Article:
I have a 1999 Windstar and took out the radio and it was right behind it, it is simple to do. If you can turn on the heater but only cold air comes out you should check the blend door. It controls the door to switch from cold air to hot. It sits directly behind the heater/AC controls. It is white square plastic piece (approx 3in x 5in half inch thick and has a plastic screw rod that attaches to the heater/AC controls and they strip out. Hope this helps.
This is an easy repair and most anyone with any sense of mechanics can accomplish it in less than an hour. Part is cheap at autoZone, and is not difficult at all. Pay attention to the placement of the temp control switches as they will make a difference in lining up the right place to install.little White Box
There is a small electric motor located under the dash about center. It cost about $40.00 It is sort of a flat rectangle shape with a set of wire's that plug into the side. The gear in side the motor is plastic and strips out causing a door inside the air duct to open about half way then fall back closed, it sounds like someone beating a plastic drum. Turn it on while under the dash and you should be able to locate it. It drove me crazy for a week!!!2002 Windstar Sport
I was getting a loud knocking on cold and a light and sometimes no knock on hot, but no heat was coming out. The above fix was right on, I used a cut and bent coat hanger in place of the proper tool to remove radio, and the dash trim had to come off as the radio bracket impedes the lower bolts on actuator. I unclipped wire retainers for heater/AC controls from radio bracket and the dash panel will almost sit on floor. My nut driver would not grab top bolt, instead I needed my u-joint and ratchet. Before completely removing actuator, rotate it manually to see if the blend door opens and closes (as opposed to being broken which is a much costlier fix) Total time for me was 45 minutes and a scraped knuckle.
that noise you are hearing is the blender motor, It is located behind the radio
dealer item only, about 160.00. It makes your blower go from defrost to floor
kind of hard to get to, there are three bolts that hold it onAnswer
The whole thing took about two hours. It is a very easy repair and I definitely would do it myself if I were you. The part number is: XF2Z19E616FB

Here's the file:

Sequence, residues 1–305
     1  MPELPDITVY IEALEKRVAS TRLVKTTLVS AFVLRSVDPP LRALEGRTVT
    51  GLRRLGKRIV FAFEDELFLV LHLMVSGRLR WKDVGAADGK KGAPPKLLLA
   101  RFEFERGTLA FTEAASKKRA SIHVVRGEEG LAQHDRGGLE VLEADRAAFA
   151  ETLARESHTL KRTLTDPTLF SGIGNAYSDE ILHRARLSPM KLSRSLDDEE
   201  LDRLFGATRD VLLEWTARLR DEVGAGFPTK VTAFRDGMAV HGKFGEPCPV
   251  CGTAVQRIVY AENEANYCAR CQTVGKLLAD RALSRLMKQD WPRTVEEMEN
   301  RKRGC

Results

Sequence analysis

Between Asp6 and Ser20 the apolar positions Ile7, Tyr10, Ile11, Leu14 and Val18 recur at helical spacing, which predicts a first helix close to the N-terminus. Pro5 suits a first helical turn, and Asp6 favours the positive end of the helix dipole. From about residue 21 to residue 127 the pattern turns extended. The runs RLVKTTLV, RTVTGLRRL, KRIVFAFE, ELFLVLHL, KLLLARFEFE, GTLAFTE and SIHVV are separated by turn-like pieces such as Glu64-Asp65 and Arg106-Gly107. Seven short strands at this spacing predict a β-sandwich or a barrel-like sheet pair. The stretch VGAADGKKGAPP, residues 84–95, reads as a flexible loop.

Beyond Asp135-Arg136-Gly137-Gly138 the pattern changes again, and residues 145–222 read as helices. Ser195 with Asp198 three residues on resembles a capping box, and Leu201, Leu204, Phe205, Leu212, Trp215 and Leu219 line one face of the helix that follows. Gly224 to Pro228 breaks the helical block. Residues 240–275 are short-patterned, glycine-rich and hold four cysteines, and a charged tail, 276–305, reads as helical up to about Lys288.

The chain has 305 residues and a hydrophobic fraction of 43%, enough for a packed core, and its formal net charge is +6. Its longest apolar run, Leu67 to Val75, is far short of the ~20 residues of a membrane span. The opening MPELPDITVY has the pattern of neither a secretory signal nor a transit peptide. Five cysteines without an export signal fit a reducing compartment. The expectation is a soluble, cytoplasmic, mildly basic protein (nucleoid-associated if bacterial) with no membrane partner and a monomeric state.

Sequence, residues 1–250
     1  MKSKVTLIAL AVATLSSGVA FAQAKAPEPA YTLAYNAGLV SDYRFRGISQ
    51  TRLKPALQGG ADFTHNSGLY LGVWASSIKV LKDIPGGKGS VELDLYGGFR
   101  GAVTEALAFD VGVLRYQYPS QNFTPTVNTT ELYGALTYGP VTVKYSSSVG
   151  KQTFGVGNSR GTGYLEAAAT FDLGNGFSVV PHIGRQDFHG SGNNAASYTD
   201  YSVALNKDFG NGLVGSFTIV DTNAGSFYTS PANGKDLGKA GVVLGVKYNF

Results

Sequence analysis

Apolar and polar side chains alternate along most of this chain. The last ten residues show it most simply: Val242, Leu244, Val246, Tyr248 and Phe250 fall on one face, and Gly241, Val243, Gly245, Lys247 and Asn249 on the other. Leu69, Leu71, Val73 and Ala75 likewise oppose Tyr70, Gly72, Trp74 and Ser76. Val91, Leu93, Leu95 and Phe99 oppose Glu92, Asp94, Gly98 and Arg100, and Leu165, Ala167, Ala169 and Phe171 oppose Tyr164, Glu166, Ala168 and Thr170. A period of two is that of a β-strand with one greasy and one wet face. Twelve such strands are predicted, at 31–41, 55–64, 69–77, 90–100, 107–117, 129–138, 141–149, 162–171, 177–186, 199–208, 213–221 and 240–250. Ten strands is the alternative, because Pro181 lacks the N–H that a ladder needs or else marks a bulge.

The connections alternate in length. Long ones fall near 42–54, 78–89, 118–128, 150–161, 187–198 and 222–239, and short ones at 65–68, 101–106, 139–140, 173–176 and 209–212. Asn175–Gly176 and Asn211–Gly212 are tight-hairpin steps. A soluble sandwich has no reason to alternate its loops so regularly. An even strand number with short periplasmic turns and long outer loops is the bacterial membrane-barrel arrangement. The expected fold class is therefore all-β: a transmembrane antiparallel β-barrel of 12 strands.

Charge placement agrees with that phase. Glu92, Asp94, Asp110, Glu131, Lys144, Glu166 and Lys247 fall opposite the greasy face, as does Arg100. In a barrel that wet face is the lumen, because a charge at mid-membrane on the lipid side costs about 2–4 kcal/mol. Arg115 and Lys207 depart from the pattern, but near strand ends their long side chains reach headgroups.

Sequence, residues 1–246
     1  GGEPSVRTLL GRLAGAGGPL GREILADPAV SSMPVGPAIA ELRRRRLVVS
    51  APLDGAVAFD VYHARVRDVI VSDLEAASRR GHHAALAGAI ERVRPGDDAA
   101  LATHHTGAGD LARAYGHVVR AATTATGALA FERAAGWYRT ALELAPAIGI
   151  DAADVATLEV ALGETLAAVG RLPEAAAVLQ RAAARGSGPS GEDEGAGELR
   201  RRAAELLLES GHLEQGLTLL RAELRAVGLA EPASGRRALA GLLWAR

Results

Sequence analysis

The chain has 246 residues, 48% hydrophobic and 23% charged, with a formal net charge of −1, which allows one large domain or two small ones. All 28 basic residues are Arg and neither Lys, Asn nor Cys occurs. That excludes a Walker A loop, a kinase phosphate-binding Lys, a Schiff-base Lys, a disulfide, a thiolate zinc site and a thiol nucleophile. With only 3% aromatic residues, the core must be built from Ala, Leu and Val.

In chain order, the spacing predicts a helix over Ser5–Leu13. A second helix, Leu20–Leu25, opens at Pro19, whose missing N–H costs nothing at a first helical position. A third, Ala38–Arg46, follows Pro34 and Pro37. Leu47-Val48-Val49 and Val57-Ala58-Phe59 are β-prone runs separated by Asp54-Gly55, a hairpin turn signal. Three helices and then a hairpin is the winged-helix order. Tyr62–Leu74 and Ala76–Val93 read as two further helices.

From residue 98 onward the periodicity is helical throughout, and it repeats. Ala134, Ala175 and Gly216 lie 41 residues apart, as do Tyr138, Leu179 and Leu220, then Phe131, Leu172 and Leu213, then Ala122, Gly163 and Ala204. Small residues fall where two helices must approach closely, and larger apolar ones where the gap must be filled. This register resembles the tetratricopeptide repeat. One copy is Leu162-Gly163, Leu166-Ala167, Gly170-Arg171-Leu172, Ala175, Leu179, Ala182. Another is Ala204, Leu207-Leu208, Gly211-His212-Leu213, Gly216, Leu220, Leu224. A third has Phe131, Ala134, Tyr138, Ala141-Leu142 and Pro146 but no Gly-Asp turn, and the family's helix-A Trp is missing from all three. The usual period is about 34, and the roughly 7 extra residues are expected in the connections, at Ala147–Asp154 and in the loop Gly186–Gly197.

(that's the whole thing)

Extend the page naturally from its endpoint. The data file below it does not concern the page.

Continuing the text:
I think it cost me $55 with tax and they had it in stock.
If you have a 1999 or newer then I think the layout is the same as mine.
The first thing you need to do is remove the stereo. You will need a special Ford tool for this. You can buy them at the dealership, WalMart or any auto parts store for around $5. These are a couple of 'U' Shaped pieces of metal that slide into the stereo holes. It will snap into place and you push them to the outside and slide the stereo out. Real easy. Now unplug the antenna and other cables and put the stereo somewhere.
Now you will need a socket set. I don't remember the size but it is pretty small. There are two screws at the top of the HVAC control panel. You should be able to see them after you remove the stereo. There are two more screws at the bottom of the HVAC control panel. I think you have to slide out the cup holder to get to them.
Once all of the screws are out you should be able to slid the HVAC control panel out. There are a bunch of wires and vacuum lines so just be gentle. If the wires are long enough, they were in mine, you should be able to slide it out and just put the whole thing off to one side. I didn't have to disconnect anything. But you can if you want.
Now you should be able to see the black plastic duct work. On that there will be a small off-white plastic module, like others have said it is about the size of a pack of cigarettes. That is the actuator. You will need a socket again and there are three screws. Take out the screws and the module should slide out. There is a power connector to the module, make sure you unplug it.
If you want to make sure the module is the problem then you can leave it plugged in. Turn on the car and move the blend door lever. The one that goes from hot to cold. That should move the shaft coming out of the module. If it moves one way and doesn't stop it is broken. If it doesn't move it is broken.
I think if this is your problem then you should pry open the old module, pull out the shaft and slide it into the hole on the duct. Then move the shaft back and forth to make sure that the door is not jammed before you put the new actuator in. I did this cause I didn't want to put the new one in and have it jammed and burn out the new actuator. I would advice that you use a flat-head screw driver to (gently) pry the a/c control and radio console trim loose. Just a slight bit of force at about the mid point on each side should do the trick. Also, watch out for the clips on the wiring harness inserts behind the radio. They break easily. =D (This is a Ford we're talking about)
I just wanted to add, you find actuators online for pretty cheap. Anytime you lose heat or A/C and think it is related to the climate control or an actuator motor, it is also possible that your blend door has failed, not only the actuator. It is very common with Ford Windstars. In order to access the blend doors you have to pull the dash and extract the plenum box. There is also a method popping up online where you can replace the blend door by removing the glovebox and making an incision in the plenum box. I did this when I installed a heatertreater, I have also disassembled and re-assembled the dash a number of times. The method of going through the glovebox saves a ton of labor and time, but I would not recommend attempting it without specific instructions or a mechanic that has performed this fix. See related links for more info.